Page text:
The lizard and its rider had no doubt waded in to drink; with a flash of inspiration, he hooked the end of his saber onto the leg bones of the lizard, and used them to rake through the debris for anything useful. He managed to dredge up two daggers, a crossbow with a broken string, and a quiver of bolts, as well as a flask of alchemist's fire and two small bottles. One of them was a healing draught; the other contained a few doses of the infamous sleeping poison that drow were known for using. There was even a small bag of coins and gems.
By the Dark Maiden''s grace do we meet. May she guide and protect us.

"Where Science ends, Magic begins." -Spiral, Uncanny X-Men #491

A link to my tales, including my Marvel hero!:
http://mickeys-tavern.com/index.php?showforum=188

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Aylstra Illianniis
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Post by Aylstra Illianniis » Tue Mar 30, 2010 5:30 am

With a triumphant grin, he pulled up his prizes, and set to work using some spare cord from his bag to restring the crossbow. He was not especially skilled in its use, but felt that any advantage he could gain might tip the odds in his favor. Afterwards, he dug through the stones and dirt beneath the giant glowing mushrooms for a few centipedes, killing them by carefully cutting off the heads with his silver dagger. He placed them in one of the packets for spell components in his pouch, heads and all.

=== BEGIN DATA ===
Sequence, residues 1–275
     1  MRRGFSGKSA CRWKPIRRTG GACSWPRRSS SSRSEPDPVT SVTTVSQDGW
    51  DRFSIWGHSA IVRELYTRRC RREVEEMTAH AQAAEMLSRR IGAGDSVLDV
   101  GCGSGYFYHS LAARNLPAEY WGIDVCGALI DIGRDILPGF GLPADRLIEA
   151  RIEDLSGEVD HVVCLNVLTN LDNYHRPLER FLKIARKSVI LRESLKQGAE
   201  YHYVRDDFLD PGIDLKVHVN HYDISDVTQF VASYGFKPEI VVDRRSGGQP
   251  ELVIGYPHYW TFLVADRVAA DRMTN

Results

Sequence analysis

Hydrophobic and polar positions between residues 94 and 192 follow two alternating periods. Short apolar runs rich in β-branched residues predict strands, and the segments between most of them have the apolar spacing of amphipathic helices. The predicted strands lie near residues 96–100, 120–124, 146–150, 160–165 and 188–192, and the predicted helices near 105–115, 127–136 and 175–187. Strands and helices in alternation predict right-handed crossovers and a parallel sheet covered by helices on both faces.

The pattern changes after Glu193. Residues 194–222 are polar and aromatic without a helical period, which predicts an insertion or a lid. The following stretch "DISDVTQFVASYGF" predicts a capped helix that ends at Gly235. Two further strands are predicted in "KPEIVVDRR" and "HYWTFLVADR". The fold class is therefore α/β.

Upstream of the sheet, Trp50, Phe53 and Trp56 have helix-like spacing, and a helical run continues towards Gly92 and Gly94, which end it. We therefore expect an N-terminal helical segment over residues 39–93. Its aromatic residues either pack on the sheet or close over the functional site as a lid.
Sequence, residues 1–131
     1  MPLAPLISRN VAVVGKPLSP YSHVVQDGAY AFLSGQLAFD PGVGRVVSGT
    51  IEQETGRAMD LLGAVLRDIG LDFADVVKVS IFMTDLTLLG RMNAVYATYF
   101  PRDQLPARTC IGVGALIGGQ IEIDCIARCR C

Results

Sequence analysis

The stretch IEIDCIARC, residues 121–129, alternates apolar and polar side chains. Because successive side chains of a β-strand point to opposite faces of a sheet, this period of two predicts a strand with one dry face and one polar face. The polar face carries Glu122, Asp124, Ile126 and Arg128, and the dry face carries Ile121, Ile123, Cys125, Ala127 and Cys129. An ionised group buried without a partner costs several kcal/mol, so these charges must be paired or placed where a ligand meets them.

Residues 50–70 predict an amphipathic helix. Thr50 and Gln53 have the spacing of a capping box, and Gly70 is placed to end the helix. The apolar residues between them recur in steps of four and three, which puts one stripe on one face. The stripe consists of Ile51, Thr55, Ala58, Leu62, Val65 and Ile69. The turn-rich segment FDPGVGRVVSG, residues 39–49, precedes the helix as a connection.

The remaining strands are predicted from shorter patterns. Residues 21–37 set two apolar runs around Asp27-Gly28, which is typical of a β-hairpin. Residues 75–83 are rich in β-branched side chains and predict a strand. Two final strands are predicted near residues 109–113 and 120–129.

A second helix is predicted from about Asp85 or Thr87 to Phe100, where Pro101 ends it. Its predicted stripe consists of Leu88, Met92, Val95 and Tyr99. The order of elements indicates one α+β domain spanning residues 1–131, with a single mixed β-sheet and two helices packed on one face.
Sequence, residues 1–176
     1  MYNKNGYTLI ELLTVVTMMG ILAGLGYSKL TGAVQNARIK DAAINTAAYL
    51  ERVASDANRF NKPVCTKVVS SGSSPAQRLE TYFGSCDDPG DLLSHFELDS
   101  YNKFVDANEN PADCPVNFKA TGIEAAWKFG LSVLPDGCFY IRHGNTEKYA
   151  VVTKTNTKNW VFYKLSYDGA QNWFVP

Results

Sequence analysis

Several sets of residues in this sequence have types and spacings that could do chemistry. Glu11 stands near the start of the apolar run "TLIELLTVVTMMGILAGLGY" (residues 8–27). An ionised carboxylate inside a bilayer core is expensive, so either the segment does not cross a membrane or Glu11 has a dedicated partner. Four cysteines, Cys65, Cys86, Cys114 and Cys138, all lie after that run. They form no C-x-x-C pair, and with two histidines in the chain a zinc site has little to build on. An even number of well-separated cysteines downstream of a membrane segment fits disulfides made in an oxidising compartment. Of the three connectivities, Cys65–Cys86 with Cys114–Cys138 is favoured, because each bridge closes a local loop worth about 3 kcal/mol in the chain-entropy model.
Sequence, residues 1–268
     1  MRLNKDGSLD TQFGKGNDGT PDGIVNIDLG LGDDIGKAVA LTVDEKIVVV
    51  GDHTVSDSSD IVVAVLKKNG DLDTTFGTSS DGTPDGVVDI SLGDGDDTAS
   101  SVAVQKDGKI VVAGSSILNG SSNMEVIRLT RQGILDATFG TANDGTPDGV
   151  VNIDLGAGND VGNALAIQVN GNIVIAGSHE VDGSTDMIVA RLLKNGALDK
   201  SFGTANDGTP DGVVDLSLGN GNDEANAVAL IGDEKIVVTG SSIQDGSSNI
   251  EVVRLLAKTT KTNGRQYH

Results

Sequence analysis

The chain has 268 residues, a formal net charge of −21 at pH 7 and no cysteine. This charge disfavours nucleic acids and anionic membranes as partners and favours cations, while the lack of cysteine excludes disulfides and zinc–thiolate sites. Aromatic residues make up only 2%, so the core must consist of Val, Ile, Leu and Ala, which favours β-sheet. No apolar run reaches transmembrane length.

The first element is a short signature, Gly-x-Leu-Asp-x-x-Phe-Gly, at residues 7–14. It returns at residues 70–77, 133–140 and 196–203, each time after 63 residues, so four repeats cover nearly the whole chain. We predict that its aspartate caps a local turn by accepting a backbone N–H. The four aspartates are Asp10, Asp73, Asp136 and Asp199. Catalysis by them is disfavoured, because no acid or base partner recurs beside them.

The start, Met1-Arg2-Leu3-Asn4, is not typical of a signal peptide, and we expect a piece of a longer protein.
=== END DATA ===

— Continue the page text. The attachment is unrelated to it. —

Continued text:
When all was as ready as could be, the boy tucked the daggers in his boots, wrapped all but one of the pieces of raw fish in a bit of leather he kept for mending his boots and trousers, and then tucked the wrapped fish in with his rations. He slung the crossbow and quiver across his back along with his pack before filling the empty bottle with water. The last piece of fish he kept out, and ate as he continued on his way through the cavern along the river's edge. Though he usually preferred his food cooked, it was not unusual for dark elves to eat their meals raw, especially when traveling. Fire of any kind was difficult to come by in the Underdark, and often attracted attention from wandering monsters. So he savored the suculent morsel happily, in spite of the grim prospect ahead, and the narrow brush with death he had so recently experienced.